DAVID GRANOVSKY

Posts Tagged ‘scientist’

DISCOVERY OF PRIMARY CILIA IN STEM CELLS

In ALL ARTICLES, SCIENCE & STEM CELLS on January 7, 2013 at 10:40 am
“…since stem cells are now being more routinely used for regenerative medicine such as repair of severed spinal cord (Lu et al. 2012), it behooves us to better learn the molecular mechanisms that keeps these invaluable cells in an undifferentiated state so that we can harness their full therapeutic potential.”
Discovery of Primary Cilia in Stem Cells

Author: Aashir Awan, PhD

The primary cilium is organelle that has garnered much attention in the field of cell biology during the last 15 years. It is a slender, solitary hair-like organelle that extends 5-10 uM from each mammalian cell (in the G0 cell cycle state) that is microtubule-based (9 outer doublets arranged in a circular fashion) and dependent on a process called Intraflagellar Transport (IFT). IFT is the bidirectional movement of motors (kinesin-2 in the anterograde and dynein-2 in the retrograde direction) responsible for the assembly and maintenance of the cilium (Pedersen et al., 2006).

Until this time, it had been labeled a ‘vestigial’ organelle not worthy of research. Yet, a breakthrough into the sensory role of the primary cilium came in 2000 based on Dr. Rosenbaum’s research on Chlamydomonas and the motile cilium or flagella. Along with Dr. George Whitman’s group, they were able to show the importance of Tg737 (IFT88) protein to the pathology of polycystic kidney disease in mouse (Pazour et al., 2000). Since then, research into the primary cilium has exploded and has been linked to diverse pathologies (collectively known as ciliopathies) such as

  • retinitis pigmentosa,
  • hydrocephaly,
  • situs inversus,
  • ovarian and pancreatic cancers among others (Nielsen et al., 2008; Edberg et al., 2012). Also, various
  • signal transduction pathways have been found to be coordinated by the primary cilia such as hedgehog, wnt, PDGF among others (Veland et al., 2008).

Thus, in 2006, the Christensen lab at the University of Copenhagen (Denmark) with the collaboration of Dr. Peter Satir’s group at Albert Einstein College of Medicine (Bronx, NY) began to investigate whether the human embryonic stem cells (hESCs) possess primary cilium and then to begin preliminary molecular dissections of the role that this organelle could play in the proliferation and differentiation profiles of these pluripotent cells. The Albert Einstein group, due to NIH restrictions, had to work with two federally-sanctioned cell lines. Working with the Laboratory of Reproductive Biology at RigsHospital, the Danish side had access to in-house derived stem cell lines from discarded blastocysts. The advantage for the Danish side was obvious since these newer cell lines hadn’t undergone as many passages as the NIH cell lines and were thus more robust. To begin preliminary characterizations of these lines, some basic hallmarks of hESCs (Bernhardt et al., 2012) had to be localized to the nucleus such as the transcription factor (TF) Oct4 (Fig. 1).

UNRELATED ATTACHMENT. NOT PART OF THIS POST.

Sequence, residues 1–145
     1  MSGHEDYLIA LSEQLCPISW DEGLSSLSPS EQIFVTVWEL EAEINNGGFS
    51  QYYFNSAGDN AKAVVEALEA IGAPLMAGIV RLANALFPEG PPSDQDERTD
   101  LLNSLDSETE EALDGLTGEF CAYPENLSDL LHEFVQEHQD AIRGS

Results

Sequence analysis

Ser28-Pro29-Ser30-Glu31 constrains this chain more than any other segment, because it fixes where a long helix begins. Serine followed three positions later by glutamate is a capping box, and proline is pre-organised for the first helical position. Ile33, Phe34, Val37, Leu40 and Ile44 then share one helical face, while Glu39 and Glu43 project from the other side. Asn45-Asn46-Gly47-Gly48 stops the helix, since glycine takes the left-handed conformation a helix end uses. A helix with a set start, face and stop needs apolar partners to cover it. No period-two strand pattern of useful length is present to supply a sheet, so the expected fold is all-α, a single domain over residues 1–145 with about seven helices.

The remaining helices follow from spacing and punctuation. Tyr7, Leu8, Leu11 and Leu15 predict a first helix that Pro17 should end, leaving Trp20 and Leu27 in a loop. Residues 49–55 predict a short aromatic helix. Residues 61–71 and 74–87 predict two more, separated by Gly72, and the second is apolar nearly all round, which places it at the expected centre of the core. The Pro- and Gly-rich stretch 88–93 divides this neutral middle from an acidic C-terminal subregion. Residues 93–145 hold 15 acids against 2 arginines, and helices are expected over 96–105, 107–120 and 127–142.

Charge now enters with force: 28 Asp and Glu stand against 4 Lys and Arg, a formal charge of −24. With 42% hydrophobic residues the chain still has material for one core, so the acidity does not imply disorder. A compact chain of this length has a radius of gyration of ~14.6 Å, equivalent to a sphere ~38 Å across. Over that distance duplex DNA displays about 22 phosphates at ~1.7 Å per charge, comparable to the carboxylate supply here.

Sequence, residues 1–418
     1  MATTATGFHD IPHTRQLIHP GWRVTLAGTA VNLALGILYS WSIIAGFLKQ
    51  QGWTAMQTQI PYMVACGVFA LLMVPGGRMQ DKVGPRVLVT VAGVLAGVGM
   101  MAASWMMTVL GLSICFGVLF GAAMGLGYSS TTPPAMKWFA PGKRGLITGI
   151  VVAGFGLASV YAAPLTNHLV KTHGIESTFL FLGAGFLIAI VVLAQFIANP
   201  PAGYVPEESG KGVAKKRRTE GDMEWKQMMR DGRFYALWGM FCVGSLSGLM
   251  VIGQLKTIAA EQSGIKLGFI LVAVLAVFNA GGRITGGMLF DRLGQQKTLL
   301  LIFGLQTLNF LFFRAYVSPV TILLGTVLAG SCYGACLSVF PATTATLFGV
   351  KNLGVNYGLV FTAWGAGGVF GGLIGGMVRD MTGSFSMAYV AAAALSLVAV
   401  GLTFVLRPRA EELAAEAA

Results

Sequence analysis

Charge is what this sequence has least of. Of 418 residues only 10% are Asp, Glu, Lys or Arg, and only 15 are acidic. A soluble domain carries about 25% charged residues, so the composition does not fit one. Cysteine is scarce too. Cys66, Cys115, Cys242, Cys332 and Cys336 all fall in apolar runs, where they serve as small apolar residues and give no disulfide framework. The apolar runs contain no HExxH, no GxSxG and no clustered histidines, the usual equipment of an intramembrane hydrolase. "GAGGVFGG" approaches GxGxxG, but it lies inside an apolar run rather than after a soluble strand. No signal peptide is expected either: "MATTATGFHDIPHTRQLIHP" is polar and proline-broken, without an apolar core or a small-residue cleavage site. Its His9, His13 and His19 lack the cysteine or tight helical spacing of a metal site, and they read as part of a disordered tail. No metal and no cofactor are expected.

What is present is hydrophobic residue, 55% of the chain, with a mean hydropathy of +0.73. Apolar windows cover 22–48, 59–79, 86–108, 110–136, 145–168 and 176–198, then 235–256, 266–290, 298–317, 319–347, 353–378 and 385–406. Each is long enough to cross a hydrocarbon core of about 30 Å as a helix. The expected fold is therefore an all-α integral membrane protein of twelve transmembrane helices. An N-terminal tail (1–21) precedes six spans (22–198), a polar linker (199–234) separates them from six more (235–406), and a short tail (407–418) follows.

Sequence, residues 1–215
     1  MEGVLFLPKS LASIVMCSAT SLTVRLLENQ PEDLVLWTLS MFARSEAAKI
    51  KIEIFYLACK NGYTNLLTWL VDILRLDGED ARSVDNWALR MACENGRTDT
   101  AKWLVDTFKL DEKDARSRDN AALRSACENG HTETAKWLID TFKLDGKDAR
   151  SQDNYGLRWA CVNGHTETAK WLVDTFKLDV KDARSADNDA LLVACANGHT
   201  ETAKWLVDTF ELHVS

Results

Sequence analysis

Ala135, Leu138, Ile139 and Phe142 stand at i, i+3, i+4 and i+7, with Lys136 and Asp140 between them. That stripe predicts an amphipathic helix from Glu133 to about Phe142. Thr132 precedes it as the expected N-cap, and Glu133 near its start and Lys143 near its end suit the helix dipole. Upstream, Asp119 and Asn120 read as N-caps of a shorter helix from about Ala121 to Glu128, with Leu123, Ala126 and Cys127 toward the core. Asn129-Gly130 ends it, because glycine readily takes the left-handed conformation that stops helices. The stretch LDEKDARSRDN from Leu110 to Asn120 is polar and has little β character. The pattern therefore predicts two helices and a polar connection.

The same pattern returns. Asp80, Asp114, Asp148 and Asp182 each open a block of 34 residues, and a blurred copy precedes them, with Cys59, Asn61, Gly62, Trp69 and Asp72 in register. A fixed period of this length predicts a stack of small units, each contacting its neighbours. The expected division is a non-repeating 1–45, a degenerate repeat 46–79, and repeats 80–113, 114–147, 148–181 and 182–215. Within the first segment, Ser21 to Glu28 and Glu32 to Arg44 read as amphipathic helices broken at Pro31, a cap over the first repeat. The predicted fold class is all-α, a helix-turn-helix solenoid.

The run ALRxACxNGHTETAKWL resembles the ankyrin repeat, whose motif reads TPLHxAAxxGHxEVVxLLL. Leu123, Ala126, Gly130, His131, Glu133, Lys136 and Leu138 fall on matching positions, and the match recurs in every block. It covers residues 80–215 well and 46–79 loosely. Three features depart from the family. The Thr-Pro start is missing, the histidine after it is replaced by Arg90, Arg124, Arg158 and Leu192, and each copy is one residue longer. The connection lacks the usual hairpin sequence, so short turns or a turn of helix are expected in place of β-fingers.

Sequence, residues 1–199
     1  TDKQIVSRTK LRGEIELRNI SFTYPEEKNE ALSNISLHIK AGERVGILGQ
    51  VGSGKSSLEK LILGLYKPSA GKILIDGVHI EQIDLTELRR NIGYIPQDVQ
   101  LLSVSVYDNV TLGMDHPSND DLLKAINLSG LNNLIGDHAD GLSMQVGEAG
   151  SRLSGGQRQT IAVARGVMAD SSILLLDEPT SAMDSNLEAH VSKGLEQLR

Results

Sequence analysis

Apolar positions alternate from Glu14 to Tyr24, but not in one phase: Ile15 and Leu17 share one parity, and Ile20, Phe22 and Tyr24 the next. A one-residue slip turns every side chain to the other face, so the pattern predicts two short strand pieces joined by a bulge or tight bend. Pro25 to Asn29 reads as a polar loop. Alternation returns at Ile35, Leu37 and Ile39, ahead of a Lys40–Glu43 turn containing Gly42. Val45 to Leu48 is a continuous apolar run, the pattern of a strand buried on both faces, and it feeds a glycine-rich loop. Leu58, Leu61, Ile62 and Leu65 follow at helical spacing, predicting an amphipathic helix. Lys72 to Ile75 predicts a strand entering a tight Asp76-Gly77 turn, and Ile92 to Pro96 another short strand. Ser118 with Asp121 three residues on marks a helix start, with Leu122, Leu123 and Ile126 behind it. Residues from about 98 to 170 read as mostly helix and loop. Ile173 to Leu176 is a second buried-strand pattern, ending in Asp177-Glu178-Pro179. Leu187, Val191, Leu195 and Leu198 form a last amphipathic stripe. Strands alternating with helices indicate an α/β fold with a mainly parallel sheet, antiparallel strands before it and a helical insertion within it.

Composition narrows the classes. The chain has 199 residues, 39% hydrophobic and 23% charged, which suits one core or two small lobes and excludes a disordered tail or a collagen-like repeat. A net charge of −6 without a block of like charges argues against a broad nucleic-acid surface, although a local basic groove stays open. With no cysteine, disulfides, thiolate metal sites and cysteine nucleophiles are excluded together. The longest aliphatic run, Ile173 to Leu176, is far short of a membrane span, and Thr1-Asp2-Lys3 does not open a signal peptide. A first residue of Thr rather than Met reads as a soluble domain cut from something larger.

In addition, a single primary cilium can be seen denoted by the acetylated tubulin staining emanating from each cell in the micrographs. Also, the base of the cilium is marked by the presence of pericentrin and centrin which demarcate the centriole.

Fig1 Fig. 1 Primary cilia stained with anti-acetylated tubulin (tb, red) are indicated by arrows and undifferentiated stem cells are identified by nuclear colocalization of OCT-4 (green) and DAPI (dark blue) in the merged image (light blue). A primary cilium (tb, red, arrow) in undifferentiated hESCs emerges from one of the centrioles (asterisks) marked with anti-centrin (centrin, green). Inset shows anti-pericentrin localization to base of cilia (Pctn, green).

Together, the three labs were the first to discover primary cilia in stem cells while other groups have since then confirmed these findings (Kiprilov et  al. 2008; Han et al. 2008). Attention was then to characterize different signal transduction pathways in the stem cell cilium. Since the hedgehog pathway has been shown to be important for differentiation and proliferation (Cerdan and Bhatia, 2012), the groups characterized this signal pathway in these cells using immunofluorescence, electron microscopy and qPCR techniques. One particularly interesting experiment to show that the hedgehog pathway was functional in these cells was to add the hedgehog agonist, SAG (Smoothened agonist), and then to isolate the cells for immunofluorescence at different times.